Operation Goranboy

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Operation Goranboy
Part of the Nagorno-Karabakh War
Date 12 June 1992 – March 1993
Location Goranboy and Tartar provinces of Azerbaijan Republic
Result Azerbaijan initially managed to break through the NKR defenses and capture over 48% of former NKAO territory, but failed in their overall strategic goal.
Belligerents
Armenia Republic of Armenia
Nagorno-Karabakh Republic Republic of Nagorno-Karabakh
Azerbaijan Republic of Azerbaijan
Commanders and leaders
Manvel Yeghiazaryan Azerbaijan Surat Huseynov
Azerbaijan Isgandar Hamidov
Strength
unknown detachment
Nagorno-Karabakh Republic Arabo detachment
"Aramo" detachment
"Artziv 9" detachment
"Zeytun" detachment
"Nikol Duman" detachment
"Zoravar Andranik" detachment
"Meghradzor" detachment
8,000 troops,
4 additional battalions,
110 tanks
at least 70 BTRs and BMPs
Casualties and losses
20 civilians captured (later all released)
The entire ethnic Armenian population of Goranboy fled the region[1]
[citation needed][clarification needed]

Operation Goranboy was a large-scale military offensive by Azerbaijan in the summer of 1992. Its aims were to take complete control of the entire territory of Nagorno-Karabakh and put a decisive end to the secessionist Nagorno-Karabakh Republic. This offensive is regarded as a successful breakthrough by the Azerbaijani Army and marked the peak of Azerbaijani success throughout the entire six-year Nagorno-Karabakh War. It also marked the beginning of a new, more intense phase of that war. Over 8,000 Azeri troops and 4 additional battalions, at least 90 tanks and 70 infantry fighting vehicles, as well as Mi-24 attack-helicopters were used in the offensive.[citation needed]

After Azerbaijan's initial military successes, re-grouped Armenian forces repelled the attack re-capturing most of the seized regions.

Start of offensive[edit]

On 12 June 1992, just five days after Abulfaz Elchibey of Popular Front of Azerbaijan was elected the President of Azerbaijan, the Azerbaijani military first launched a large scale diversionary attack from the east, in the direction of the Askeran region at the center of Nagorno-Karabakh. Two groups of Azeri troops, totaling 4,000 troops[citation needed], attacked positions to the north and south of Askeran. As a result of fierce fighting the Azeris managed to establish control over several settlements in the Askeran region: Nakhichevanik, Dovşanlı, Pirjamal, Dahraz, and Agbulaq.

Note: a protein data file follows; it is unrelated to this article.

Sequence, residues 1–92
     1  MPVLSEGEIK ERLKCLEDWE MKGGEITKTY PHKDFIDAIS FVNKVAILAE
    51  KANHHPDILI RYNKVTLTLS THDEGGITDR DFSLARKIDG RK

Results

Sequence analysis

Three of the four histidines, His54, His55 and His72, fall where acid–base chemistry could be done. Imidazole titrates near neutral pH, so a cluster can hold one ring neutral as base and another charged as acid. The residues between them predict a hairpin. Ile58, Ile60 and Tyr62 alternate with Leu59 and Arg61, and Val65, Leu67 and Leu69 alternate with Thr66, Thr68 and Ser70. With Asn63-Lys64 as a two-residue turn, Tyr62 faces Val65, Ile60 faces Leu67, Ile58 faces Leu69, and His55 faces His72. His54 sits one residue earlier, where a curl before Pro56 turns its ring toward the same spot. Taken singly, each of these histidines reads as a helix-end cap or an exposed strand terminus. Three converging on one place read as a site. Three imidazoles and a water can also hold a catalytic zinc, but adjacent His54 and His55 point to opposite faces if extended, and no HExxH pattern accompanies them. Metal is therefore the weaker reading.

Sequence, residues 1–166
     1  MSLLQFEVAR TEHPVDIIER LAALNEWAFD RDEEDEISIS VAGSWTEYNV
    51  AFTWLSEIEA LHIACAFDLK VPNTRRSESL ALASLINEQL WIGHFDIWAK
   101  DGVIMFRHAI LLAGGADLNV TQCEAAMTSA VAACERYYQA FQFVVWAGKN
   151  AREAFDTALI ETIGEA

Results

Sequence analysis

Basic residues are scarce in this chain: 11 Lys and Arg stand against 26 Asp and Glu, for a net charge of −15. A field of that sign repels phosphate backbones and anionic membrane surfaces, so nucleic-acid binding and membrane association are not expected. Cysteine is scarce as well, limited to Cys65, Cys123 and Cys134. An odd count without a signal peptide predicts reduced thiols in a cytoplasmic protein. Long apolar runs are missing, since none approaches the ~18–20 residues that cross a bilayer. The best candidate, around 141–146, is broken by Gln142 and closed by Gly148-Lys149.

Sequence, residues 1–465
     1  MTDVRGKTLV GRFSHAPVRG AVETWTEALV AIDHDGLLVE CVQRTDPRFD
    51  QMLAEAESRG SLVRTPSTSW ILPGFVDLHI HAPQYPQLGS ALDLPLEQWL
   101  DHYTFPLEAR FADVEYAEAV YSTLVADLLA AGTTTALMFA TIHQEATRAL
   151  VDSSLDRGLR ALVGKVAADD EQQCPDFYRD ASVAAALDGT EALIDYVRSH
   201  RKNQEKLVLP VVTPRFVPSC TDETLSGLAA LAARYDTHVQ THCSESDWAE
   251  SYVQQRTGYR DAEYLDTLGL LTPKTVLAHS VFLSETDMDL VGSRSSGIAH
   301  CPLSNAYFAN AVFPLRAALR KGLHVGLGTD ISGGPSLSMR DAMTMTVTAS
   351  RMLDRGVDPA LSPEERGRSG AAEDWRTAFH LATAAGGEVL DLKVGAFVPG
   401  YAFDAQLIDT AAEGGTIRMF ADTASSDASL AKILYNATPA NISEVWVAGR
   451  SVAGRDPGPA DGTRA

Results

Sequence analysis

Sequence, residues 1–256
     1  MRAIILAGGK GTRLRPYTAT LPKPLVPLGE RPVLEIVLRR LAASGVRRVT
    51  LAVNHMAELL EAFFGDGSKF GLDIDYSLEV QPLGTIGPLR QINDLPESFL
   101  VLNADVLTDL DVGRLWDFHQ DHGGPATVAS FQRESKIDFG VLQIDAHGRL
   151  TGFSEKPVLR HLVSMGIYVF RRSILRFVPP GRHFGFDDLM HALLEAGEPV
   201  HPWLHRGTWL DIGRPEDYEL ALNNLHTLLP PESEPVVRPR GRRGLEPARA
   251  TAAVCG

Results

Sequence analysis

Main offensive[edit]

On 13 June 1992, Azerbaijan launched the main large-scale three-day offensive against the region of Goranboy (the territory of the former Shahumyan rayon of Azerbaijan SSR) located north of Nagorno-Karabakh, which was defended by just two[citation needed], small and poorly-equipped[citation needed], Armenian voluntary detachments. This offensive, code-named Operation Goranboy (named after the rayon that lies to the north of former NKAO) and headed by Suret Huseynov, threw 4,000 troops, 160 armored vehicles (including 90-110 tanks) and attack helicopters at the relatively undefended positions in northern Nagorno-Karabakh.[citation needed] As many as 4 tank battalions and 2 mechanized infantry battalions of the 23rd Division of the former Soviet Union Army, as well as 4 additional battalions of the Azerbaijan Army and various brigades from the neighboring regions, were joined in this operation. After 15 hours of fierce fighting against the Azerbaijani forces, the two Armenian detachments withdrew. Azerbaijan managed to capture several dozen villages in the Goranboy region originally held by the Armenian forces, and the entire Armenian civilian population of this region fled. According to the report of the Memorial human rights society which sent its mission to Goranboy in the aftermath of the operation, there were no civilian casualties, as Armenians had fled the region before the Azerbaijani troops approached them. The population of the neighbouring Azeri and Russian villages remained unaffected.[1][2]